Pedro Almodóvar (Photo: Pablo Perez Minguez/ Inthesity/ Flickr)
Pedro Almodóvar - Movida King
Born in 1951 in Calzada de Calatrava (a Ciudad Real province), the cinematographer and writer from La Mancha became internationally famous after Penélope Cruz’s scream of ‘Pedrooooo’ when she opened the envelope for best foreign film at the Oscars Ceremony in 2000. Almodóvar received his very first statuette with ‘Todo Sobre Mi Madre‘ (‘All About My Mother’, 1999). Three years later the Oscar for Best Original Script followed this for ‘Hable con ella‘ (‘Talk To Her’, 2002).
But the director’s origins are a lot less glamorous. During the mid seventies, Almodóvar worked as a clerk at Telefónica (Spanish International Telecommunications Company) in order to pay for his short films. Although he was the oldest member of the Movida group, he soon learnt to steer the course of the transgression movement.
‘I’ll call him Lucifer, I’ll teach him to criticise, I’ll teach him to make a living from prostitution and I’ll teach how to love. Yeah, I’m going to be a mother!’ So go the lyrics from the song ‘I’m Going To Be A Mother‘, by punk-glam-rock parody group Almodovar & McNamara. Their artistic duo brought the kitsch side to the Movida spirit to life.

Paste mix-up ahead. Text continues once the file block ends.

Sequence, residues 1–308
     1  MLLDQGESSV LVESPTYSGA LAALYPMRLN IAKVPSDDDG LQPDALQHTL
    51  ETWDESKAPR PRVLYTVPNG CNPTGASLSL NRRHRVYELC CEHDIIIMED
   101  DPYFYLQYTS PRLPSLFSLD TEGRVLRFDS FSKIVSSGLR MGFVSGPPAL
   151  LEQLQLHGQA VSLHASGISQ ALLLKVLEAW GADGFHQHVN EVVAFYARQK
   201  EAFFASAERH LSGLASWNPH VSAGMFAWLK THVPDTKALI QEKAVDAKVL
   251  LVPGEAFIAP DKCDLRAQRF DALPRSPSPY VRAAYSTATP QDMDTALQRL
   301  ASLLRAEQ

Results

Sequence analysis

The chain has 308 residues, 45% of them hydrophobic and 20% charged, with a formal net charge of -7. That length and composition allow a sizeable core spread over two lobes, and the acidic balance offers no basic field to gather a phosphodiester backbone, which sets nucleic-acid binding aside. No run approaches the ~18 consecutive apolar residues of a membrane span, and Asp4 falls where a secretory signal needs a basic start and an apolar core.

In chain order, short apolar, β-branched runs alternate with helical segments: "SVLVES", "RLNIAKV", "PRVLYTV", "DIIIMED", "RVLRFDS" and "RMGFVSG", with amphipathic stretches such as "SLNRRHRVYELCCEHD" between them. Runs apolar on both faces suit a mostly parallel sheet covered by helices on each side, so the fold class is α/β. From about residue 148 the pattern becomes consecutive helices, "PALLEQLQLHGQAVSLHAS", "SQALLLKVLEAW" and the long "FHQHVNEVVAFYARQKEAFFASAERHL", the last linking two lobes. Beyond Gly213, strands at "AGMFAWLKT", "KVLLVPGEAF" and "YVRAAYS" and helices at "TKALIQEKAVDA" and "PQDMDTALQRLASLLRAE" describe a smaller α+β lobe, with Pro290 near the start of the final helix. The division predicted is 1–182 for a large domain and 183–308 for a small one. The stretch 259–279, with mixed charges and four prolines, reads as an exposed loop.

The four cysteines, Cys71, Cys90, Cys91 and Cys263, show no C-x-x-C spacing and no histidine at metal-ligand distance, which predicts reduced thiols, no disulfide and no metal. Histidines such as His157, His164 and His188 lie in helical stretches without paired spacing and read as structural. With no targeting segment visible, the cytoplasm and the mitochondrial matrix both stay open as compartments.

Almodóvar’s artistic career had begun writing in Moon magazine under the pseudonym of ‘Patty Diphusa’ (patidifusa meaning ‘flabbergasted’). He also collaborated with other publications like the magazine El Víbora (‘The Viper’), left-wing daily newspaper El País (‘The Country’) and former current affairs magazine, the centre-left Diario 16. His first film ‘Folle, Folle, Folleme, Tim‘ (‘Fuck, Fuck, Fuck Me, Tim’) (1978) represents his work at its most acerbic and punk. From then on, the writer-director would begin a lengthy trajectory of films. He earned increasing success with ‘Laberinto de Pasiones‘ (‘Labyrinth of Passions’, 1982), ‘Entre tinieblas‘ (‘Dark Habits’, 1983) and ‘¿Qué he hecho yo para merecer esto!!‘ (‘What Have I Done To Deserve This?’) (1984). They all form part of the legacy built up by Almodóvar over the years, bearing testament to a brilliantly crafted Spanish hard pop artistic movement.
Thanks to Albert Salarich
Translation from Catalan to Spanish by José Luis Dolz